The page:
For the Queer Catholics and allies I know, our images of God and Christ are evolving along with our culture and society. Ilia Delio writes of the evolutionary Christ that “Christ is in evolution because we […] are in evolution.” I find it breathtaking how far we’ve come as a society, within my lifetime, at accepting the gamut of sexual and gender identity as a natural, fluid thing. And I find it heartbreaking how often the institutional church fails to acknowledge that evolution. And yet, the God who created me, and my Queer family, remains the God of radical inclusion: the God who loves and knows us as we are, in secret and in the open. That God is genderless (Julian of Norwich calls God her “father mother”), and his son, who comes among us personifying the Old Testament figure of Wisdom – a female figure – reaches out to each of us not as some sort of heteronormative ideal, but as the person we really are. Christ comes to know us as our authentic self, and here is the real miracle: that Christ does not care about your gender, or your sexuality, or about your race, or about how much money you do or don’t make. Christ brings the love of radical inclusion, a love that shatters boundaries and enables us to come together as who we really are.
And yet, we remain on the margins of the Catholic church, seeking one another out, those of us who believe in this God who transcends gender, sexuality, class, race. God has been hijacked for too long by those who would use God as a divider. Lately, even the Eucharist is being used as a weapon to split us father apart. What can I say other than this: now is the time to cleave to one another, to cleave to the God who knows our inmost selves. Now is the time for solidarity, here on the margins, which are not really margins at all, but rather the place where we find another, and home.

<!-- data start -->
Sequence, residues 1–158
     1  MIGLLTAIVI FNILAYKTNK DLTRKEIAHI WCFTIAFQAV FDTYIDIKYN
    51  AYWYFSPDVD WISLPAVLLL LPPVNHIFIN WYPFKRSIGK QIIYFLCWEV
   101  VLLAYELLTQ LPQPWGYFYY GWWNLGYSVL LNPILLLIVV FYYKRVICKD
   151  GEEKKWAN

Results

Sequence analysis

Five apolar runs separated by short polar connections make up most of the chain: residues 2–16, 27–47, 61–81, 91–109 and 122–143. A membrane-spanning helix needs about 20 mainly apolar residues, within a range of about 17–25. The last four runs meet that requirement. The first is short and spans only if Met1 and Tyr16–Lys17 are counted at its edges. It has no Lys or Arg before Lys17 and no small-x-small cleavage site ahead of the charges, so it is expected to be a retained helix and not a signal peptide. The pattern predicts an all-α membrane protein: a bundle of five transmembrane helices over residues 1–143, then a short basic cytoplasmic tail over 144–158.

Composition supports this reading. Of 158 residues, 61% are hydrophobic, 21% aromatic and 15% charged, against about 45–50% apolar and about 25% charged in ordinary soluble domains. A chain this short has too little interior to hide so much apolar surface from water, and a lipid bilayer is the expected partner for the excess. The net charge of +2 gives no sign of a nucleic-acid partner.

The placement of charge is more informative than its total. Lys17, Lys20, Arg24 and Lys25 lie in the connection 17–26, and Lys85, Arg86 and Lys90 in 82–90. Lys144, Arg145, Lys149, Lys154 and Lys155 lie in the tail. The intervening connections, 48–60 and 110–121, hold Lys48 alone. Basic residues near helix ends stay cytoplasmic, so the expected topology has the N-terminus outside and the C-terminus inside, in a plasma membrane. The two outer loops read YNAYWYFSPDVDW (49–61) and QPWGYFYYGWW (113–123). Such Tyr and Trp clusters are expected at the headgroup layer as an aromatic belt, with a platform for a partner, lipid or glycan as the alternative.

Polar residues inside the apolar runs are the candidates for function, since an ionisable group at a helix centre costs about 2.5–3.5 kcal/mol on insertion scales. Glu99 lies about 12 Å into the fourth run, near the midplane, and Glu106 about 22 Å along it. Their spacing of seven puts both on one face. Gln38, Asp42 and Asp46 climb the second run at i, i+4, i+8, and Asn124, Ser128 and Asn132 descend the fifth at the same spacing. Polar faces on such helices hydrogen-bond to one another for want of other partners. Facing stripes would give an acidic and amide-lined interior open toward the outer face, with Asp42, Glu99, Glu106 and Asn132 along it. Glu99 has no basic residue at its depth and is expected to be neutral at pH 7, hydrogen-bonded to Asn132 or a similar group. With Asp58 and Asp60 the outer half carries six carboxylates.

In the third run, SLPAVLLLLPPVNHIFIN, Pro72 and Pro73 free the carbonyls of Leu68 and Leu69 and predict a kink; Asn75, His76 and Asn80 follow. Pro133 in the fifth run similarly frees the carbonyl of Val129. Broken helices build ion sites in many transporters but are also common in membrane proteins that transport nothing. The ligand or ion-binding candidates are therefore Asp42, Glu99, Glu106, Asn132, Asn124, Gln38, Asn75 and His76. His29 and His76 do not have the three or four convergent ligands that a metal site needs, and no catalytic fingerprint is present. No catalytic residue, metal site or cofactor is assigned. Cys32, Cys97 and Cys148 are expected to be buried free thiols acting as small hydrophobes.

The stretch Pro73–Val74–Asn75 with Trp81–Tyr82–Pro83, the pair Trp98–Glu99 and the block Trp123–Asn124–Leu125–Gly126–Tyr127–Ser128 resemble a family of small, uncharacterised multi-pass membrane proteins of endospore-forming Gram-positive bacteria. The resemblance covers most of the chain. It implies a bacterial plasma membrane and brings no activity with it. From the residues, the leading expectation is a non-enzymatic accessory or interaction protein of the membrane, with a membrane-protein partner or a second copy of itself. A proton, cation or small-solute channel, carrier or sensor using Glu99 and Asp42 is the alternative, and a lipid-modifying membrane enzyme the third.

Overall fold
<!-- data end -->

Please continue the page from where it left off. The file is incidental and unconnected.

The puzzle of Queer theology, for the straight person, turns out to be a puzzle solved only by love.
the Anarchist Reverend shares his thoughts on the Queer Christ over on the Camp Osiris blog.
Peterson Toscano shares “The Lost Gospel of Thaddeus.”
Shirley-Anne McMillan writes about Mother Christ.
Adam Rao shares why he is not participating in today’s synchroblog.
Brian Gerald Murphy talks about A God Bigger Than Boxes.
Clattering Bones writes about The Queer God.
Daniel Storrs-Kostakis writes writes about An Icon of God.
Jack Springald writes about Avalokitesvara and queering gender.
Amaryah Shaye Armstrong writes about Inclusion and the Rhetoric of Seduction.
Jamie-Sue Ferrell shares Love, Us.
Unchained Faith writes about The Breastfeeding Father.
B Cubbage writes about The Love of the Queer God.
*Sadly, I had to go back and edit out the name of this church, which I love, because a troll decided to attack it. I refuse to answer that. “The greatest of these is love”.